ESG Legal: in the minds of investors (Part 1)

29 March 2024
Jacques Perotto

ESG has become an unavoidable factor in investment that can nevertheless be “avoided”. This is the paradox for companies that are committed to social responsibility, but whose social “window-dressing” does not always reflect the reality of the commitments they have made.

Faced with this dilemma, what are the expectations of those who hold most of the decision-making power in terms of the impact of ESG? What do investors see as their role in participating in climate transition, and how will they convey their expectations of companies?

There are many questions to be answered, starting with the key issue of corporate governance.

The sustainability of the decisions taken by a company is a reflection of the governing bodies from which they emanate

The struggle against greenwashing is often first and foremost reflected in the presence of governing bodies set up to enable the deployment of strategy for economic performance. Such a strategy incorporates the constraints associated with the ecological and social transition, with the idea that the sustainable transformation of the company helps both to enhance it as well as to optimise its financial value.

The European legislator has always taken the view that the “E” for Environmental and the “S” for Social are necessarily correlated with the “G” for Governance, whose bodies must instil the reality of the commitments made in terms of environmental transition.

In France, the AFEP-MEDEF Code, conceived by the employers’ union, introduced the idea that the “quality” of any board of directors should be assessed on the balance of its membership. At the European level, the 12th cross-sectoral Technical Standard RS, G1 Business Conduct stipulates that companies must disclose information on the composition, diversity and expertise of their boards of directors: gender, age, nationality, qualifications, expertise, experience, independence of directors, representation of employees, shareholders, the role given to stakeholders and the setting up of specialised diversity committees.

In English-speaking countries, employees are generally not involved in corporate governance and therefore do not have access to the boards, supervisory or auditing bodies. The German and French models draw their inspiration from a participative approach, with representation on boards.

Dedicated governing bodies

In France, the AFEP-MEDEF Code recommends that the remit of audit committees should no longer be limited strictly to purely financial and accounting considerations, but should be extended to include extra-financial and therefore sustainability considerations. For example, the audit committee’s review of the financial statements should be accompanied by a presentation by management of an analysis of the company’s exposure to social and environmental risks.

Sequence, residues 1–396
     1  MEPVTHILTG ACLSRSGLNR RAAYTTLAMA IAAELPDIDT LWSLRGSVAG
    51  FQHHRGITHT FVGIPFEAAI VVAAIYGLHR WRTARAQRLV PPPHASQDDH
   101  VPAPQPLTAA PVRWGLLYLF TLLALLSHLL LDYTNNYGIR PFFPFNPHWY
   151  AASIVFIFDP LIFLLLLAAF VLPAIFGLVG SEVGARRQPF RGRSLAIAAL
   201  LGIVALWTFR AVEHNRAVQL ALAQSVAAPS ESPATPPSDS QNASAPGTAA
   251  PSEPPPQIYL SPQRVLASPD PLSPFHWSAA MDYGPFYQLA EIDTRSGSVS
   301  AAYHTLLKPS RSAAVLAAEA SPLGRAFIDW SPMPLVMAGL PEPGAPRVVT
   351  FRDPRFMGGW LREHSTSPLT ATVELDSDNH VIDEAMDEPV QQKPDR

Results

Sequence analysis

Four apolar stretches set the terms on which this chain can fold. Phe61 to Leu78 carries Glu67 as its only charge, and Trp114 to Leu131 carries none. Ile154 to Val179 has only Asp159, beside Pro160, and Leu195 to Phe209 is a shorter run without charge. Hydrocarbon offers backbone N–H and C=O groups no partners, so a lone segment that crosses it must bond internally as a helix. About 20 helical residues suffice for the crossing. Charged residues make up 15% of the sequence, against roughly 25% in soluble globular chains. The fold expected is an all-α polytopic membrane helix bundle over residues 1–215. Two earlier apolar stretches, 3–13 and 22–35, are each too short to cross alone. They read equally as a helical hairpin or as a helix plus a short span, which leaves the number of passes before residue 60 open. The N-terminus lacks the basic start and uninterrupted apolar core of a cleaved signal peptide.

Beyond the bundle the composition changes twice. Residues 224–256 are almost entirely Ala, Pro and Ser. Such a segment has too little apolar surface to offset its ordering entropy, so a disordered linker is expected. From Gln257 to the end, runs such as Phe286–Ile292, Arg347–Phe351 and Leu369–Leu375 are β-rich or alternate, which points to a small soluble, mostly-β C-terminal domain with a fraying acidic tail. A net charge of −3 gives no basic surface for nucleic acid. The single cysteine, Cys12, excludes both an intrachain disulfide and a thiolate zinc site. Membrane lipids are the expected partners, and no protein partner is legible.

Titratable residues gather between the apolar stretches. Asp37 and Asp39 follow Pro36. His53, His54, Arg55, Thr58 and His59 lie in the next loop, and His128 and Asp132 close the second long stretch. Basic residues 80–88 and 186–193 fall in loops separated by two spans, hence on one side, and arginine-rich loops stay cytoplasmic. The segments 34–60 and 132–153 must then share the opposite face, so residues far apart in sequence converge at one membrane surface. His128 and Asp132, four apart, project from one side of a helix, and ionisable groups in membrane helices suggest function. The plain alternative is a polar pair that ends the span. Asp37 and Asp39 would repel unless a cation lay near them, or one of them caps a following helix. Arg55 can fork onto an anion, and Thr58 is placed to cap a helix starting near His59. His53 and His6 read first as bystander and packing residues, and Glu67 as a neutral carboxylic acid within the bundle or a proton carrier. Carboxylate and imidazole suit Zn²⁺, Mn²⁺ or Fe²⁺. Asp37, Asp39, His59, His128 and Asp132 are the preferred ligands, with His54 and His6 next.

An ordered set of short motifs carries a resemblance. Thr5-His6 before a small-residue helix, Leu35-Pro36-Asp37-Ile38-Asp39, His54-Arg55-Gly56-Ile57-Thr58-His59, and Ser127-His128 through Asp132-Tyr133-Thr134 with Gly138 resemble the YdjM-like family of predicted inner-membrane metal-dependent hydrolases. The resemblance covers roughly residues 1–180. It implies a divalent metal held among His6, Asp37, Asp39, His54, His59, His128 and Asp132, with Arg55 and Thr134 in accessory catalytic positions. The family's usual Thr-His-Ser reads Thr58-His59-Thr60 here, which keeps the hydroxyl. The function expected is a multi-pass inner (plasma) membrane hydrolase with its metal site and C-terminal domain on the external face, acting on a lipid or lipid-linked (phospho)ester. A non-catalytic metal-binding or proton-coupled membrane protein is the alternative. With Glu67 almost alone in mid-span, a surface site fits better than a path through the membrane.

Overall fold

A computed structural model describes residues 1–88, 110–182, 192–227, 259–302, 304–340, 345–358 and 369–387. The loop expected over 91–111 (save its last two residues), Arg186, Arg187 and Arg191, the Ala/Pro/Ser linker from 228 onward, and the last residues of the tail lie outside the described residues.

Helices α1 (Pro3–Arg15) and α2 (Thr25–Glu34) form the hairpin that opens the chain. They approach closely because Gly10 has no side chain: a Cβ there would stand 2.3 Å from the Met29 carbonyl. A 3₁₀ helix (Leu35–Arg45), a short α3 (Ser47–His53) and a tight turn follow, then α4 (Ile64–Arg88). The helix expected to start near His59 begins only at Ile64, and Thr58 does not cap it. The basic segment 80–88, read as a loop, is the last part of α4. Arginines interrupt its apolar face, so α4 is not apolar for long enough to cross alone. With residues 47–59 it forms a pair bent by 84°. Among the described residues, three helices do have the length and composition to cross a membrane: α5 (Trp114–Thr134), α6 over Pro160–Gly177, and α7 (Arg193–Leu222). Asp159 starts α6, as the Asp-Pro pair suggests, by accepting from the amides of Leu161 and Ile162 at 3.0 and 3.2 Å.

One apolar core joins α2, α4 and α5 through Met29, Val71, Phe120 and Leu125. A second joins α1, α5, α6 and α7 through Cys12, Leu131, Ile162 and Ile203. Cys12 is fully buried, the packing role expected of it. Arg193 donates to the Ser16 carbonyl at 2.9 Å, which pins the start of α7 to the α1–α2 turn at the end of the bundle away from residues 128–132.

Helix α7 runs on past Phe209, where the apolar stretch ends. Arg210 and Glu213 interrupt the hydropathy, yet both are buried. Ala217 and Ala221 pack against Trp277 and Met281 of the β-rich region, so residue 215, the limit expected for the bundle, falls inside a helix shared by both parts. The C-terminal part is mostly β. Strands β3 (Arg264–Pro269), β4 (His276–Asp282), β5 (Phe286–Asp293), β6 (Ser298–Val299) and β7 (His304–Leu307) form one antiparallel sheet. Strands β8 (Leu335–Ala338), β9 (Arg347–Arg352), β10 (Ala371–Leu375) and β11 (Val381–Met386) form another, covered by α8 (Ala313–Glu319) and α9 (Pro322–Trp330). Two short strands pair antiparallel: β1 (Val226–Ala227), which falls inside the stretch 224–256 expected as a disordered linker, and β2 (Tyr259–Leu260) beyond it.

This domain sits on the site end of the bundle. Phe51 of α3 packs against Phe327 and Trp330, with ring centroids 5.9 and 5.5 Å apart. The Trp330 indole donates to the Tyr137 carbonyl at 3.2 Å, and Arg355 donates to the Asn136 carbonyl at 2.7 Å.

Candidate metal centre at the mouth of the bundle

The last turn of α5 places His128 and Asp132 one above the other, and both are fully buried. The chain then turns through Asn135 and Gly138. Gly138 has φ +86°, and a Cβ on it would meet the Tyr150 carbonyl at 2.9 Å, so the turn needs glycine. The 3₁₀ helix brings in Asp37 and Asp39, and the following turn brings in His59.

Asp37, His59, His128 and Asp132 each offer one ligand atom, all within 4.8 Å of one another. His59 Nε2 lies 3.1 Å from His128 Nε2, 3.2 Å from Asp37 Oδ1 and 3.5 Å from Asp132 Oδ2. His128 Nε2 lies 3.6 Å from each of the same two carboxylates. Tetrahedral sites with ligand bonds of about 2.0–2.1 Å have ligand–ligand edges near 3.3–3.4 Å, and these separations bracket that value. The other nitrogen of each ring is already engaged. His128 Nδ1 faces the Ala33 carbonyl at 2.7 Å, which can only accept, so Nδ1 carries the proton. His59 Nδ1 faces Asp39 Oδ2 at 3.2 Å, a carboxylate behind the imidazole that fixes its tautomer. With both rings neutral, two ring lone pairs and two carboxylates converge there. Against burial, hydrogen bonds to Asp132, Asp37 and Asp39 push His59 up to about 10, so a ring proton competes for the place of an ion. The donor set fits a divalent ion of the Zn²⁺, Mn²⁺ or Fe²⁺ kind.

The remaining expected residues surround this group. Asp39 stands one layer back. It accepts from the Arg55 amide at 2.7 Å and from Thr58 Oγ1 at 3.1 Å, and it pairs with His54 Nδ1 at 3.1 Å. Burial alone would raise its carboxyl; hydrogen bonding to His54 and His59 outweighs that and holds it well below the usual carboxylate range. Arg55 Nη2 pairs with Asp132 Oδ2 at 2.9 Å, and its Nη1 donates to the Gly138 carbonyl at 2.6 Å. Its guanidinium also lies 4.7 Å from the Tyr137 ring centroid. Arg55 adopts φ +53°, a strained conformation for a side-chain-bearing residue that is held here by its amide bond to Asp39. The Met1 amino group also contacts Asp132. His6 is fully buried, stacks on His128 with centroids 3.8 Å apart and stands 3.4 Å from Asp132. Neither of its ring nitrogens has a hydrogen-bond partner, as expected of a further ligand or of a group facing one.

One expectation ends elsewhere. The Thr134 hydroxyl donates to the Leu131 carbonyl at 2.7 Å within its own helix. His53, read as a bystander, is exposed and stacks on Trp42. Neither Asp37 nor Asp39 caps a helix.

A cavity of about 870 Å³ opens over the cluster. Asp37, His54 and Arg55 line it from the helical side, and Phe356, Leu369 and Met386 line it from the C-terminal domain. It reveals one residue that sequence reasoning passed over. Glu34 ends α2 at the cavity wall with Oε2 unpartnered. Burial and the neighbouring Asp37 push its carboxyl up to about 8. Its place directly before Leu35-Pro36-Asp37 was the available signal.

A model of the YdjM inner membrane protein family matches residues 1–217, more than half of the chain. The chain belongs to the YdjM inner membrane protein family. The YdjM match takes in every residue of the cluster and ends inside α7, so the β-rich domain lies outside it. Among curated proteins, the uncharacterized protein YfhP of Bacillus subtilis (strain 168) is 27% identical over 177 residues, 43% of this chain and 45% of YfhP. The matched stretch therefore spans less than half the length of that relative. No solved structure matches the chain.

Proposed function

The French Financial Markets Authority (AMF) considers that, in the absence of a CSR committee, it is up to the Board of Directors to explain how it intends, for example, to take account of the social and environmental issues facing the company. As of 2023, all CAC 40 companies have a CSR committee.

According to the AMF, the CSR committee’s task is to assess the risks and opportunities associated with taking CSR issues into account in the company’s economic performance. Similarly, the AMF considers that directors’ CSR skills are a key factor in the sustainable functioning of boards of directors, and that the appointment of a CSR lead director is a convincing indicator that the board has taken into account the issues associated with the environmental and social transition.

The need for Boards of Directors to take into account social and environmental issues in its policy decisions

The inclusion of stakeholders (customers, principals, NGOs, consumers, employees) in corporate governance bodies is a first guarantee of the company’s transparency with regard to its sustainability commitments.

However, article L.225-35 of the French Commercial Code now specifies that these decisions must be taken in the company’s social interest, taking into account social, environmental, cultural and sporting issues[1]. This means that companies must no longer limit themselves to serving the interests of individuals (or their shareholders).

Implementing a working methodology based on sustainability

Taking CSR issues into account when defining strategy involves identifying and analysing the demands of the market and stakeholders by :

– mapping the CSR risks associated with the company’s activities in order to determine the positive and negative consequences of its CSR activities, as well as the impact of the environment on the company’s activities;

– prioritising the issues at stake in order to justify certain decisions;

– drawing up a strategy for different time frames, taking into account a risk analysis grid, as well as the impacts and opportunities in each of the company’s sectors of activity;

– the introduction of CSR performance indicators.

In conclusion, there are many indicators that allow us to measure the degree of sustainable commitment from each governing body in an increasingly concrete way.